Every year, APT (Act to Prevent Trafficking), arranges two public events. The Spring event takes place around the feast of St Josephine Bakhita, 8th February and the Autumn event around European Anti Human Trafficking Day, 18th October. This year, the Spring event was a conference with the title “Hidden in Plain Sight”. APT’s main function is awareness raising and we have found, in our various addresses to groups around the country that there is a great deal of unawareness of the prevalence of human trafficking in Ireland. We hoped to address this in our conference; hence the theme.
The venue chosen was the Atrium in the premises of the Department of Justice and Equality, 51 St Stephen’s Green, where AHTU, (Anti Human Trafficking Unit) is located. The Principal Officer, Mr Paul Gunning, welcomed us and his staff facilitated us in every way they could. The venue was free to us and accommodated 120 people.
We chose our audience very carefully. We included members of other groups working in anti human trafficking. Our special target was boards of management of secondary schools. We were happy with the response and easily filled the venue. Mr Gerard Cullen, Principal of Mount Carmel, King’s Inns Street, took time off to attend.
Our speakers were: Mr Kevin Hyland, appointed by Mrs Teresa May as the first UK Commissioner for Human Trafficking, and now in Ireland coordinating the Santa Marta group. Kevin gave us an overview of human trafficking in a global context, highlighting the ever-changing nature of the trade in human beings. Images of young people working in appalling conditions in the cobalt mines of the Democratic Republic of the Congo, procuring cobalt for the manufacture of mobile phones, really touched people. We take our mobile phones for granted, not realising that the cobalt which they contain was in some cases, mined in great misery.
Noeline Blackwell, CEO of the Dublin Rape Crisis Centre, spoke about the empowerment of women. From the days when women did not have a vote and required a man’s signature to open a bank account to today, when women are becoming increasingly autonomous, domestic and sexual abuse have been part of life. Today, women are coming forward, speaking out. More and more women are being educated about consent in sexual relationships, and schools are providing programmes on the subject.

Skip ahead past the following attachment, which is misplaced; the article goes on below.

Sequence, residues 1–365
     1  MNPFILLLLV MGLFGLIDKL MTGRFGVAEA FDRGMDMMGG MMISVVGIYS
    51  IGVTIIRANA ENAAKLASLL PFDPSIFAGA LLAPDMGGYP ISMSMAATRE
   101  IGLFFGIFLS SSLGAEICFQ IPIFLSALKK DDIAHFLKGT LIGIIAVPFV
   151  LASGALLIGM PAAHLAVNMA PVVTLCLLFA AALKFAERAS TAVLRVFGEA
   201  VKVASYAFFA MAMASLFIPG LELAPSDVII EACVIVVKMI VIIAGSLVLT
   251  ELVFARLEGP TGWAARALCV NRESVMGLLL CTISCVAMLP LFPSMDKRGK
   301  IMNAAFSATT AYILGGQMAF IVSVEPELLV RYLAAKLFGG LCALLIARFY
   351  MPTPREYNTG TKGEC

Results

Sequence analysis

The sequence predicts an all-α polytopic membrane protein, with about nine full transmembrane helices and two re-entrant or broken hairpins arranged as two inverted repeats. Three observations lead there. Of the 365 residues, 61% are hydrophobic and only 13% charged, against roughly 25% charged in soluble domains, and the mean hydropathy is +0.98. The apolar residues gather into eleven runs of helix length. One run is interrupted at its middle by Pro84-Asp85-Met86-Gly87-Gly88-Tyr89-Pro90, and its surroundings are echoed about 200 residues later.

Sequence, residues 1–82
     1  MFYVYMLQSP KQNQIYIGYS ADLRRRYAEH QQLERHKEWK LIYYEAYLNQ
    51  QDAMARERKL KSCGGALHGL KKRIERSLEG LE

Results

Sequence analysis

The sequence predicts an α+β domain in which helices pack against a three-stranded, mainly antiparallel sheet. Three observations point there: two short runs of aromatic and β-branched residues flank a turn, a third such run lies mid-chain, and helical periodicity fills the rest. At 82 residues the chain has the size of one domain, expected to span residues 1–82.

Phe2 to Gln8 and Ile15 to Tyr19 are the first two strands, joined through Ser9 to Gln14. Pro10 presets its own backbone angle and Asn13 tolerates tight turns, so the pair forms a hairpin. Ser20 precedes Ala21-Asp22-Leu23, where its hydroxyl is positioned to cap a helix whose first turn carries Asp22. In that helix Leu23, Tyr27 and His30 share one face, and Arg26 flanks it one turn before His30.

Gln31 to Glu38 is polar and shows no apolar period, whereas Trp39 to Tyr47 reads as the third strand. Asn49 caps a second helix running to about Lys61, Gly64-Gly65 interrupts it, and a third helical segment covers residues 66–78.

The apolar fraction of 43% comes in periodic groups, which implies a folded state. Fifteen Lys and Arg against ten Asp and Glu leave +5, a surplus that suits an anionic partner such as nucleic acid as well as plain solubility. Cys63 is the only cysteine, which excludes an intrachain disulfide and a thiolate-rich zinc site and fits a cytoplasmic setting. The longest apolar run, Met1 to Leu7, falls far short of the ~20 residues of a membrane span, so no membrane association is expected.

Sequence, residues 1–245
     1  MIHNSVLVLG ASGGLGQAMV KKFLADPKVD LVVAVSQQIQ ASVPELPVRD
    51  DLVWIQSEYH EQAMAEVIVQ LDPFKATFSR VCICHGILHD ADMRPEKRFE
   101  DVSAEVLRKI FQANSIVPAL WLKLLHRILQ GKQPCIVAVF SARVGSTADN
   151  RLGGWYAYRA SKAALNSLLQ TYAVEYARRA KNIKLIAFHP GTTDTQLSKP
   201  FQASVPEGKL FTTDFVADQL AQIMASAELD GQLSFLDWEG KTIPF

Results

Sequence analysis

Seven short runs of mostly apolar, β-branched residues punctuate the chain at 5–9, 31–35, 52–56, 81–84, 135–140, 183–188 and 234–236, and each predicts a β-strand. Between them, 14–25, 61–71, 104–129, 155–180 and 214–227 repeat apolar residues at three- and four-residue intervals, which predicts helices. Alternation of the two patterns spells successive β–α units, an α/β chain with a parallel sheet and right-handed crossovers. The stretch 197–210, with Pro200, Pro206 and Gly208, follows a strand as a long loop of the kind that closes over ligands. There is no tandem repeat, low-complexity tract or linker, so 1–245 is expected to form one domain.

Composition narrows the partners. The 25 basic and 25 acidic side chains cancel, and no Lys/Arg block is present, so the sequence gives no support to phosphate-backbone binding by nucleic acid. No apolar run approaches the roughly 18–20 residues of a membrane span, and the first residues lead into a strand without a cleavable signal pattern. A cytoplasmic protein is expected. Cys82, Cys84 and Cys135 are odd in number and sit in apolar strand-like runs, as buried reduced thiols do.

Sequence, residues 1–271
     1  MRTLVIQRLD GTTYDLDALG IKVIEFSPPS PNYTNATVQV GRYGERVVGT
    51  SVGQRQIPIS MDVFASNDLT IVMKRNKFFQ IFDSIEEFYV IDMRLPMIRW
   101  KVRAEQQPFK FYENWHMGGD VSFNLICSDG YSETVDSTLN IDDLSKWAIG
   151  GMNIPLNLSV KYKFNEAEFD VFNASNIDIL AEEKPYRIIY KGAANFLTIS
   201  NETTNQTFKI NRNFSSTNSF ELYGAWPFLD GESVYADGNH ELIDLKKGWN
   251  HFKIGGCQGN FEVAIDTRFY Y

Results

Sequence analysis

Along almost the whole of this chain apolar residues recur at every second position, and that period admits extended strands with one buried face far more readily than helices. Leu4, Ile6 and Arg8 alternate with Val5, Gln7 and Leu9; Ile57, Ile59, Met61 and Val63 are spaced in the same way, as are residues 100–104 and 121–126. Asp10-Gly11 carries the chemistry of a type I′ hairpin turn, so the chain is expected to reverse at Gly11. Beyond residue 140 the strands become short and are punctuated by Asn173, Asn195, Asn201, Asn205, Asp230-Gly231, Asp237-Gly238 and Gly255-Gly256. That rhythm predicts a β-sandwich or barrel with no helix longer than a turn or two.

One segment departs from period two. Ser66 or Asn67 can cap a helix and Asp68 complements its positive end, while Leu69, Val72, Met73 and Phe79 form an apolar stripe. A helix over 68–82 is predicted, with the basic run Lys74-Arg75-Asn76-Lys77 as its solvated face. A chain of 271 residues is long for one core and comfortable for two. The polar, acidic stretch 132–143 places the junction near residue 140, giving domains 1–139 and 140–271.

Mr JP O’Sullivan of MECPATHS (Mercy Endeavours to Combat Prostitution and Trafficking in the Hospitality Sector) displayed some excellent photographs on his topic, the trafficking and exploitation of children. JP calls us all to be aware of the trafficking of children in Irish hotels and to make sure that we do not give our custom to hotels whose staffs have not been trained and whose management have not signed up to an anti-trafficking protocol.
Ms Sheila Crowley of Ruhama updated us on the work of dealing face-to-face with people who have been trafficked and people who are working in prostitution in Ireland. Sheila described a project in which Ruhama set up a call line with a girl posing as a call girl. Even when the girl later pretended that she was a victim of trafficking, some clients wanted to engage in sex with her. She then revealed that it was all staged and reminded the callers that it was a crime to engage in sex with a trafficked person.
The audience were very impressed by the Transition Year students from St Joseph’s College, Lucan, who described their research project on human trafficking, undertaken as part of the Young Social Innovators Programme. The organisers of the conference felt that the future of anti human trafficking is in safe hands as long as we have students of this calibre and teachers who support and encourage them.
There is a comprehensive account of the conference on the APT website.